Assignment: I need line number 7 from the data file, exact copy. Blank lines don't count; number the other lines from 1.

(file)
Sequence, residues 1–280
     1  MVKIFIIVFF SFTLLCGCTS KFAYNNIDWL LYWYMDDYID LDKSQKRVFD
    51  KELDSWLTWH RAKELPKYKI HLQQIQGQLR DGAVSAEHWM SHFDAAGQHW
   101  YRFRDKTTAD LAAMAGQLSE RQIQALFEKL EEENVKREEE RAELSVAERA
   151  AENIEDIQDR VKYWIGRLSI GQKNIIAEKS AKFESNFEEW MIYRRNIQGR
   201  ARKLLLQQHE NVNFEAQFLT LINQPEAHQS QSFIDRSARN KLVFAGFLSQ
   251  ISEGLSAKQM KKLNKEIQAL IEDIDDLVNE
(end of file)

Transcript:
   251  ISEGLSAKQM KKLNKEIQAL IEDIDDLVNE